HOMILY FOR TWENTY-SEVENTH SUNDAY OF ORDINARY TIME (C)


Dear friends. The first reading this Sunday is about encouraging moral courage and strength. There is a prophet who cries out to God in distress on behalf of the people who are suffering. In his reply, God encourages them to be people of courage and assures them that strength will come from doing what is right for ‘the upright person will live by his faithfulness’. In contrast, the person ‘whose soul is not at rights, see how he flags’.

The truth of God’s response is borne out by human experience. If I have made choices that were guided by doing what is right, just and loving then my soul will be at peace before God even though the consequences of these choices may be difficult. I will have a strength and a peace to face anything or anyone once I know in my heart that I have always acted rightly, justly and lovingly before God. On the other hand, if I have done what is wrong, or acted unjustly or for selfish motives then I will never be free or have peace. I will be afraid to be found out, always looking over my shoulder. When the first experience of suffering comes along, my soul flags because, exactly as the Scriptures say ‘my soul is not at rights’.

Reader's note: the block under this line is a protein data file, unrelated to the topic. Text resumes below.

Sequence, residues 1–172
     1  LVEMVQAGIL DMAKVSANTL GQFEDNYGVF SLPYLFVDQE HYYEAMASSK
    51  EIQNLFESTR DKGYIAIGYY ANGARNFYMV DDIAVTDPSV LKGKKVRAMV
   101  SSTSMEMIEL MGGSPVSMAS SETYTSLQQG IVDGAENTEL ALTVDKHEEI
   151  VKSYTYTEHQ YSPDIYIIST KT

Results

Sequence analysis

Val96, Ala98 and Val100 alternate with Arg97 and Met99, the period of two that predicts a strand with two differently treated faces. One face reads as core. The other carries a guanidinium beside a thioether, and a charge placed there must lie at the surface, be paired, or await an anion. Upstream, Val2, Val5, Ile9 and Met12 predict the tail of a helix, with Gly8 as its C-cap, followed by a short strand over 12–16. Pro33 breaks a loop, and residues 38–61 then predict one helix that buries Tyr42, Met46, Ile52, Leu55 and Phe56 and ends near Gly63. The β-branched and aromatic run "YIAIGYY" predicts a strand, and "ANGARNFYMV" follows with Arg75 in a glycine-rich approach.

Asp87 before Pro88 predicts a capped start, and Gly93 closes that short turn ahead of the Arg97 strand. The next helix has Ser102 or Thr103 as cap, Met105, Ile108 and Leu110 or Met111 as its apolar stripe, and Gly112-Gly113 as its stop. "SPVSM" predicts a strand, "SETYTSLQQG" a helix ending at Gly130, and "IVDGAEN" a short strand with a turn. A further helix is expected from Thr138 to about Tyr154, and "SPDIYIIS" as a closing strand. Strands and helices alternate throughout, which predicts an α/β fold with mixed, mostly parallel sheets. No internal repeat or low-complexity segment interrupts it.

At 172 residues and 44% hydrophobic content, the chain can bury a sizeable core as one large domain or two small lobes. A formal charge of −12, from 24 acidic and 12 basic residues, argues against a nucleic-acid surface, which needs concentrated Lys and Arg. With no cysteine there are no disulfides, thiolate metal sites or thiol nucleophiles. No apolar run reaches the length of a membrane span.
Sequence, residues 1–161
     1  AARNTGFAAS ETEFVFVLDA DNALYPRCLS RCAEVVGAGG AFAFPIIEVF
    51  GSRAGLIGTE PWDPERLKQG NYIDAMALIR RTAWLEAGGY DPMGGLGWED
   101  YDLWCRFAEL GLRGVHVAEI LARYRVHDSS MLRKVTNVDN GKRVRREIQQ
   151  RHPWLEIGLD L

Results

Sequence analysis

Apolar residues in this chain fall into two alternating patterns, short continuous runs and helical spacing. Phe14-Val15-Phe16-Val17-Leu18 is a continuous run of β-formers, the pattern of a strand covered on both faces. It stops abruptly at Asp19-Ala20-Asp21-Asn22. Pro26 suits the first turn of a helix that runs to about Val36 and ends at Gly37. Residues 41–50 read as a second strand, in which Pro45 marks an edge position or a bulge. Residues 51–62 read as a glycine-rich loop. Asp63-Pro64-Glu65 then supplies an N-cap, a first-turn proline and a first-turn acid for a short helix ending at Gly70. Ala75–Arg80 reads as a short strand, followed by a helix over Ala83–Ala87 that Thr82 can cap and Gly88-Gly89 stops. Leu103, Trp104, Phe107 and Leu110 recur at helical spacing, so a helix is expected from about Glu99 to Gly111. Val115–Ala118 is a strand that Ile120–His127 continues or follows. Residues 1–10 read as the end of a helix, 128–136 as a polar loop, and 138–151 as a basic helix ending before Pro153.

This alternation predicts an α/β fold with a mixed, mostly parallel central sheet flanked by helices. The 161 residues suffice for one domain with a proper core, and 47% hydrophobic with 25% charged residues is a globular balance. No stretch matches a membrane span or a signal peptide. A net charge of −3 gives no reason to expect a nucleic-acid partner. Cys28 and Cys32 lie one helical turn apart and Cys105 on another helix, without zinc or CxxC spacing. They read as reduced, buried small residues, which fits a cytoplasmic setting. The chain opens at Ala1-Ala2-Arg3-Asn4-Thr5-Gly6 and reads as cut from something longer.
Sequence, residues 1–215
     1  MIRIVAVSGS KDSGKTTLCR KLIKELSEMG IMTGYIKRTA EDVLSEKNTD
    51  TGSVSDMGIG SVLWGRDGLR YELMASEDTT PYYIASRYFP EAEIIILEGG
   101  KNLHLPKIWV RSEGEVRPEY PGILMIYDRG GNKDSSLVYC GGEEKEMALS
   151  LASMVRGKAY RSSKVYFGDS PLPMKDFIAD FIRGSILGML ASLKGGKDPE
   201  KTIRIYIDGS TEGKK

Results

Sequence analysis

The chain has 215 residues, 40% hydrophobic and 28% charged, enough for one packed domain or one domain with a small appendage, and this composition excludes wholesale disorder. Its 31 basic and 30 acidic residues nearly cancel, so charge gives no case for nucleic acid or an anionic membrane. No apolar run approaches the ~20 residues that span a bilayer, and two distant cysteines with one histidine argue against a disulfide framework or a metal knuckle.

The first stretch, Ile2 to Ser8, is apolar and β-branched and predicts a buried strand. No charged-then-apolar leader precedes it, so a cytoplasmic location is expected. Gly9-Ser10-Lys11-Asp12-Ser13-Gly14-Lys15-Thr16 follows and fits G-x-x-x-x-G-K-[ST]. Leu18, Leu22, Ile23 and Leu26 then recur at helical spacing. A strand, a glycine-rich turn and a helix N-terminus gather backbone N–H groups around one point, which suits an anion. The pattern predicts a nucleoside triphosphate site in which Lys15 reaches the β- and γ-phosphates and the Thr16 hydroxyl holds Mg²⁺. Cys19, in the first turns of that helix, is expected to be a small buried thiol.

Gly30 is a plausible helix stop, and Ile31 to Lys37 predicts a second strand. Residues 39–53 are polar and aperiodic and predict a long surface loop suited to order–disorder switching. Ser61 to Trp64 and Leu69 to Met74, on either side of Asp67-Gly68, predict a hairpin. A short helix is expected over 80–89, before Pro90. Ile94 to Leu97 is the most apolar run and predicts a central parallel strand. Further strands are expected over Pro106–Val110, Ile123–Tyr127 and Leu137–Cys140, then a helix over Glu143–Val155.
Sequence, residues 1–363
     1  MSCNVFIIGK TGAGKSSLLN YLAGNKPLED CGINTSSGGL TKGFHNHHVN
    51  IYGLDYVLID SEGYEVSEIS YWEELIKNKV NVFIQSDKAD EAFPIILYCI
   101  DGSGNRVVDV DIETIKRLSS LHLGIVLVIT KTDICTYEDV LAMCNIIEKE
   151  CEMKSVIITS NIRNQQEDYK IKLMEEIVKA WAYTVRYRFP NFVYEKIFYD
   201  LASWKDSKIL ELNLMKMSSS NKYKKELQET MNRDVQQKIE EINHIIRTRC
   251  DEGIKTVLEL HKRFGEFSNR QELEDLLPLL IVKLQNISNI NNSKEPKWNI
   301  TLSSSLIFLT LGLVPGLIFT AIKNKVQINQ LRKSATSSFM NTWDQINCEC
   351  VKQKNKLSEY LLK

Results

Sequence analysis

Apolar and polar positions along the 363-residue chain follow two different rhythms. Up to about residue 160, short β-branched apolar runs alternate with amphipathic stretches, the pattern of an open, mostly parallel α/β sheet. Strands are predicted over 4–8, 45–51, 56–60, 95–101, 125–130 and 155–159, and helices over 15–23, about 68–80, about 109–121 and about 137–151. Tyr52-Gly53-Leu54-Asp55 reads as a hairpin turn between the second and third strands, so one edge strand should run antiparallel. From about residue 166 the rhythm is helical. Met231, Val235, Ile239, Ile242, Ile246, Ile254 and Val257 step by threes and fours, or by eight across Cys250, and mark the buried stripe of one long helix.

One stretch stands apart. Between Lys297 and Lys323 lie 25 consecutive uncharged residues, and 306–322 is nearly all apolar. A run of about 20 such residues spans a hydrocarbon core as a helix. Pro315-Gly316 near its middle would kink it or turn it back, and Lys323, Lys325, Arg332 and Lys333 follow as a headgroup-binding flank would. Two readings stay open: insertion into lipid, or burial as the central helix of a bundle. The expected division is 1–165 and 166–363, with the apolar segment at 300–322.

I would like to offer three examples of people of our time who are inspirational examples of moral courage. The first is the late Donal Walsh from Kerry who courageously gave witness to thousands of people of the value of human life. He didn’t have to go public with his message but choose to do so because it was the right thing to do. On this Day for Life, he reminds us of the value of every human life, born and unborn.

The second example is a young girl from Pakistan called Malala who dared to advocate for the right to education for girls and women like herself. She was shot in the head by the Taliban but miraculously survived to continue her fight that was recognised globally when she became the youngest ever recipient of the Nobel Peace Prize in 2014. She is a shining example of moral courage in always doing what is just and the strength in her that comes from that, is there for all of us to see.

The final example of moral courage is Greta Thunberg, the young Swedish girl who has become the face of climate justice around the world. Hearing her speech to the UN a few weeks ago and her words to world leaders inspires us to be people of moral courage who raise our voices when we have to for a cause that is just and noble.

Donal Walsh, Malala and Greta Thunberg. Three people of moral courage who lived their lives by what is right, what is just and what is loving. As they inspire us, they make us more like them. In seeking how to live and what values to hold, may doing what is pleasing, popular or fashionable never be as important for us as doing what is right, just and loving.

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